Addison, Panton set tax rates
ADDISON/PANTON — Taxpayers in Addison and Panton, as expected, are receiving higher bills in 2014 than in 2013, but the increase in Panton is not as dramatic as Addison Northwest Supervisory Union officials had projected.
Selectboards in both towns adopted municipal tax rates — levies to pay for town office and road spending — in July, Addison’s on July 1 and Panton’s on July 22.
Officials in all Vermont towns have received final homestead and non-residential school tax rates from the state, allowing them to make final their 2014-2015 tax bills once they set their town rates.
Homeowners in Panton and Addison eligible for prebates under the income sensitivity provisions of the state’s education finance laws will eventually not be responsible for all of their new tax levies. According to Vermont Department of Taxes data more than 60 percent of property taxpayers in most towns typically receive prebates.
Panton’s residential rate ended up at $1.9948 per $1,000 of assessed value, an increase of 9.12 cents from the 2013-2014 rate.
That 4.8-percent increase translates to about $91 in new taxes per $100,000 of assessed value.
Meanwhile Panton’s non-residential rate remained virtually unchanged: The town’s new rate for real estate that includes commercial property and second homes is $2.0299, compared to the previous non-residential rate of $2.0289.
Panton’s residential and non-residential rates both include the 53.66-cent town rate, a figure almost unchanged from the 2013-2014 town rate of 53.98 cents.
Panton’s school tax portion of the overall residential rate rose 9.44 cents, or almost 7 percent, to $1.4582. ANwSU officials had forecast a rate hike of about double that amount.
Meanwhile, the school tax component of the non-residential rate rose by only 0.042 cents, an amount that was offset by the 0.032 decrease in the town portion of the rate.
Addison’s new residential property tax rate rose more than Panton’s — an increase of 22.8 cents to $1.856.
That 14-percent rise translates to about $228 of new taxes per $100,000 of assessed value, again assuming homeowners are not eligible for prebates.
Addison’s non-residential rate increased less, by 12.4 cents to $1.7901.
That 7.4-percent hike translates to $124 of additional taxes per $100,000 of assessed value.
Addison’s municipal rate rose by almost exactly 4 cents to $0.4249, and that amount is in both the residential and non-residential rates. Residents who pay their town taxes by Aug. 1 receive a 2 percent discount on that portion of their bill, but state law does not allow towns to discount school taxes.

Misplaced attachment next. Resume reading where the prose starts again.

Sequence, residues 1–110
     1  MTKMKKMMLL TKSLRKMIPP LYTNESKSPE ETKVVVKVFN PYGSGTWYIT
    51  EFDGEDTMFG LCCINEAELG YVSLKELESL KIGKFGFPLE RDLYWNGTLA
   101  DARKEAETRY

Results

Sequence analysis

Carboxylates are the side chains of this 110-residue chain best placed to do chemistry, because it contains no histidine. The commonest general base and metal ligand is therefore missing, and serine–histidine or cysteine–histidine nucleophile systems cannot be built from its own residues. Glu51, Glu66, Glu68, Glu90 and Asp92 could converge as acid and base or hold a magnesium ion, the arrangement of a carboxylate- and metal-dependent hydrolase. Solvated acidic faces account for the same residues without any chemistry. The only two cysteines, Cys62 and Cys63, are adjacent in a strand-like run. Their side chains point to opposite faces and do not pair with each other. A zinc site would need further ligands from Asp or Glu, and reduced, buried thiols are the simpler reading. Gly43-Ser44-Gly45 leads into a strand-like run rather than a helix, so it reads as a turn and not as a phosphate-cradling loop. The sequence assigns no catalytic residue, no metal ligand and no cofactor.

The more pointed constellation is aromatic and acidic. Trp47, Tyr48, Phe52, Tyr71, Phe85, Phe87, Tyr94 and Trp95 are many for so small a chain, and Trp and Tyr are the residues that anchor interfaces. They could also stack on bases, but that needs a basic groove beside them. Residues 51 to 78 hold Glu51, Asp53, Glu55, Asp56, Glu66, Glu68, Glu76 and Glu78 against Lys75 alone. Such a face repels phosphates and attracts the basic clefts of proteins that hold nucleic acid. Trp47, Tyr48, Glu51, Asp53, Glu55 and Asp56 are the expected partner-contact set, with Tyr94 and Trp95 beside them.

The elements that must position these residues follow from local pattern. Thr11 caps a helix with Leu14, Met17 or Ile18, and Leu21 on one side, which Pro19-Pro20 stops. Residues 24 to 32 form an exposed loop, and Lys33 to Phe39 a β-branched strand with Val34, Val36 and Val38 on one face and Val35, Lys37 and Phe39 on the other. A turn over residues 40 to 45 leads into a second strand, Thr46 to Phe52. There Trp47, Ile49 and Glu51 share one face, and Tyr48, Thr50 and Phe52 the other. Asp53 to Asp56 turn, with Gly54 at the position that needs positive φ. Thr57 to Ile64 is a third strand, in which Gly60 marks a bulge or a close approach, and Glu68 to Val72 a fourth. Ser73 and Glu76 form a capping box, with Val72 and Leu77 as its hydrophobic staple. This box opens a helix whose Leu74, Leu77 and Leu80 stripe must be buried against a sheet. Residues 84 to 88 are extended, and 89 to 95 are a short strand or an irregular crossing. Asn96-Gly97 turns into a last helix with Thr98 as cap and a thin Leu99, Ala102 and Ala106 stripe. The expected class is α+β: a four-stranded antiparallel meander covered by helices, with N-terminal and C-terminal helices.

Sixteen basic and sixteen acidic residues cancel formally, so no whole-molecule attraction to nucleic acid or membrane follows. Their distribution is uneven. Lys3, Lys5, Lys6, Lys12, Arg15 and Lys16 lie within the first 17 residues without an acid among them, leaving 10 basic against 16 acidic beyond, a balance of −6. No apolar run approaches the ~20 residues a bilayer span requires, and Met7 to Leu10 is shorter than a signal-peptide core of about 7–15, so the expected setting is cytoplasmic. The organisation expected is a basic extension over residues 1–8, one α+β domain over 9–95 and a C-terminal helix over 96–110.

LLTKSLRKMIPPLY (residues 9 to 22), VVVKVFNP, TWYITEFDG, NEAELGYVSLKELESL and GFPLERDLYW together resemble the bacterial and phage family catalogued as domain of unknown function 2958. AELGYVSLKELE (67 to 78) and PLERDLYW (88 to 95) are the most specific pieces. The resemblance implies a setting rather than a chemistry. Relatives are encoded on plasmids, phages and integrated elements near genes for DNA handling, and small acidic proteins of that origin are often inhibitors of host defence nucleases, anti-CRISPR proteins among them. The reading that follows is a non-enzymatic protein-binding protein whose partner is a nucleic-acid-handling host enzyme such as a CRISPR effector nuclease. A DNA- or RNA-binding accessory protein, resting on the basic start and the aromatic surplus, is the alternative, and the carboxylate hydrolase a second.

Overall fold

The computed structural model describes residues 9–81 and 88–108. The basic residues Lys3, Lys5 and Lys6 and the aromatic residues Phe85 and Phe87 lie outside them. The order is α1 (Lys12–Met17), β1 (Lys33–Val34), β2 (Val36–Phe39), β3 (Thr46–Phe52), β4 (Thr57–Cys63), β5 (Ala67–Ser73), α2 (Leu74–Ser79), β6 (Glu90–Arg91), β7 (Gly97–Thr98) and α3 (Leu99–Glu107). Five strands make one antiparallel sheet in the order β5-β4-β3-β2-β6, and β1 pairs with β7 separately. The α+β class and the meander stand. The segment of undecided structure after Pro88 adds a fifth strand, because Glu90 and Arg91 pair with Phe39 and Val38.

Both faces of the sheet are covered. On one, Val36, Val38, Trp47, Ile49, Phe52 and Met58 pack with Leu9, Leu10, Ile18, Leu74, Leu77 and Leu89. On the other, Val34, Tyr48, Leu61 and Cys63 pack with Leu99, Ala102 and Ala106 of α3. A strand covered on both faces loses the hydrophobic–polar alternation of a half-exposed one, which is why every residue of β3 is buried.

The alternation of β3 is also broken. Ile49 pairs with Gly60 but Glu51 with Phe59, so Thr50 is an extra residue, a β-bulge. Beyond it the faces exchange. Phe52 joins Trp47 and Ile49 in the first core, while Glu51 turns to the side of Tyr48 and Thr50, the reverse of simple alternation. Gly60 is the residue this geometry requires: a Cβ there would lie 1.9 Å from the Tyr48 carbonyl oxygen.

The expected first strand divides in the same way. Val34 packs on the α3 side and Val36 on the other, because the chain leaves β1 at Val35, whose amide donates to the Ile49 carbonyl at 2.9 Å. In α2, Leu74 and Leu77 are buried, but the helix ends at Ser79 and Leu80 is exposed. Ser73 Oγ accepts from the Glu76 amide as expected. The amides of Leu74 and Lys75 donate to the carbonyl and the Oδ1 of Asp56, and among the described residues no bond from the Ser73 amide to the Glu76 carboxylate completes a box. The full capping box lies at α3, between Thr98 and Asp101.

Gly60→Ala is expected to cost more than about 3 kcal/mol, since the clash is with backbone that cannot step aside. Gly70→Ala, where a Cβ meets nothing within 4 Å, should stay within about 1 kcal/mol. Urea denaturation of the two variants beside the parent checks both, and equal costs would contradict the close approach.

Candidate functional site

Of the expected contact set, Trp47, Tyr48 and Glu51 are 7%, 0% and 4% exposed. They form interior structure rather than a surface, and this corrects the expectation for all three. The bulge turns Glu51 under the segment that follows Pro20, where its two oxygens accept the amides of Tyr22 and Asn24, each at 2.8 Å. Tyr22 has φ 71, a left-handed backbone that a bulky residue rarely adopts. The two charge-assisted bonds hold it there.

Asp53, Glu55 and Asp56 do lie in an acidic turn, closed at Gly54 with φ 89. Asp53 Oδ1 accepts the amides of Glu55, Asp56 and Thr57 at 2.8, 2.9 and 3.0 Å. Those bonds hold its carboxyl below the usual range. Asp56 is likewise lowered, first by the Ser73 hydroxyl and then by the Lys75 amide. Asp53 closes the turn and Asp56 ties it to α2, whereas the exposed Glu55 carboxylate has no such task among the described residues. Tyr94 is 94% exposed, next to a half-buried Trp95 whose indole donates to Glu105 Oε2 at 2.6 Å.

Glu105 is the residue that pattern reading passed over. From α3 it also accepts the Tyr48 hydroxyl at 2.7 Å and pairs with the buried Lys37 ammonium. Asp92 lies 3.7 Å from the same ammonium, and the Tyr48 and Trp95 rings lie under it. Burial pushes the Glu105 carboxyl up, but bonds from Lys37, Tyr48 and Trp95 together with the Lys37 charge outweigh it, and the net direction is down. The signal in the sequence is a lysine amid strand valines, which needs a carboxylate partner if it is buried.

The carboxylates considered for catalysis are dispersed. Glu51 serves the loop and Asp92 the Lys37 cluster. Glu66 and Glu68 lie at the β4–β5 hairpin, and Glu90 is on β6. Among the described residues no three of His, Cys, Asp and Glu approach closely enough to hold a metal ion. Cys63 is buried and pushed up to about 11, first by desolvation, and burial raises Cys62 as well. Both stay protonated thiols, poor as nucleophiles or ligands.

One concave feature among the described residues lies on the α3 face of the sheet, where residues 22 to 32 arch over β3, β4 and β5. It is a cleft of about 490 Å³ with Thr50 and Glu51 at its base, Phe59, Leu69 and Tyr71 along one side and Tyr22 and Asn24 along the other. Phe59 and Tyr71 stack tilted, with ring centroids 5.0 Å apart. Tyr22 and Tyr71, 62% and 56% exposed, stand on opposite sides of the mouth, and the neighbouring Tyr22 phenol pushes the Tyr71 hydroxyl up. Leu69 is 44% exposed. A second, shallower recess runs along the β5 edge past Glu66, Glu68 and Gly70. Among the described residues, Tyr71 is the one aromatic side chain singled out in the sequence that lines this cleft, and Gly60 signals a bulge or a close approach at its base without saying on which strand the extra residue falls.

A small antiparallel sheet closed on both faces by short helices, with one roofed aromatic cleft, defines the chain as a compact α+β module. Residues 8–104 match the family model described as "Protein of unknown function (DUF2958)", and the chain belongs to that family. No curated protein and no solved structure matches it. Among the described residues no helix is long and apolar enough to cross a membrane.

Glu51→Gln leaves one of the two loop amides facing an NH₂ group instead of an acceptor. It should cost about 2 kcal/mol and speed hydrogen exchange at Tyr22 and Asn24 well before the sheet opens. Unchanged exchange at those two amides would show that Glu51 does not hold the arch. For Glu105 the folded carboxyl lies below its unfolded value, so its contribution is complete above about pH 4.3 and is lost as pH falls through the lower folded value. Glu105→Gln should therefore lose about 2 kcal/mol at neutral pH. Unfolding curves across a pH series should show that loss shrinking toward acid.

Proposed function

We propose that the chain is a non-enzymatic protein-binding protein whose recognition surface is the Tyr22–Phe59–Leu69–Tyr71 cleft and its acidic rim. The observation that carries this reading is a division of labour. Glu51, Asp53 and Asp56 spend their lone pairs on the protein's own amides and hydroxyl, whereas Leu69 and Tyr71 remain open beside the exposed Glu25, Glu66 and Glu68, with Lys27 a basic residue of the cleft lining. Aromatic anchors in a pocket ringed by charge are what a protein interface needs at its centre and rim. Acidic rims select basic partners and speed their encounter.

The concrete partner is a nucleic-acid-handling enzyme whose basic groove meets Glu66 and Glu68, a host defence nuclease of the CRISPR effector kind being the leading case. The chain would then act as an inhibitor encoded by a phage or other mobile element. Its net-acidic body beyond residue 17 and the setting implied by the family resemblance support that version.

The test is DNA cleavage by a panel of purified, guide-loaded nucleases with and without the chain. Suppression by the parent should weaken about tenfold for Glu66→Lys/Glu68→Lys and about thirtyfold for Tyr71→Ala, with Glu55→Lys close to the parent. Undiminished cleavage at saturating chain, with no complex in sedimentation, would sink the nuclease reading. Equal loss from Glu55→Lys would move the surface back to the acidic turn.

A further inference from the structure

The ANwSU estimate for Addison’s residential school tax rate was an increase of about 20.5 cents.
Instead, the town saw an increase of 18.81 cents to $1.4311, which represents a hike of about 15.3 percent.
Addison’s non-residential school tax rate rose by 8.42 cents, or about 6.6 percent, to $1.3652.
According to Waltham Town Clerk Mary Ann Castimore, that town’s selectboard will set its municipal rate next week, a move that will allow town officials to soon afterward prepare tax bills.
The Independent earlier reported Ferrisburgh and Vergennes tax rates. Ferrisburgh’s new residential rate is $1.7893, up by about 24 cents from the previous fiscal year rate of $1.5474.
Of that residential rate, $0.2336 will pay for town services, while $1.5557 funds schools. Town officials noted the municipal portion of the rate is almost 2 cents lower than this past year.
Ferrisburgh’s new non-residential rate is $1.7187. That rate rose about 15 cents.
Vergennes saw a similar increase: The city’s new residential property tax rate stands at $2.1435, up 24.35 cents from the past year, or about 13 percent.
That translates to an increase of about $243 per $100,000 of assessed value.
However, a greater portion of the city increase is due to municipal spending: Alderman approved about a 9-cent hike in the city rate, with most of that dedicated to funding the new Vergennes police station.
The Vergennes non-residential rate rose by almost 17 cents, or 8.4 percent, to $2.1835.
ANwSU spending, and within that particularly higher per-pupil spending, is pressuring district tax rates.
After an initial budget defeat, the Vergennes Union High School budget that eventually passed called for lower spending, but declining enrollment there means per-pupil costs remain high.
Addison Central School spending dropped, but Ferrisburgh Central and Vergennes Union Elementary school budgets rose.
Meanwhile, this winter the Legislature approved a higher statewide education tax rate and created spending penalties that drove local rates higher.
Still, although ANwSU rates rose this year, they are still far from the highest in Addison County: Middlebury’s residential rate rose by 8.4 cents to $2.7117 for the 2014-2015 fiscal year, for example.
Andy Kirkaldy may be reached at firstname.lastname@example.org.
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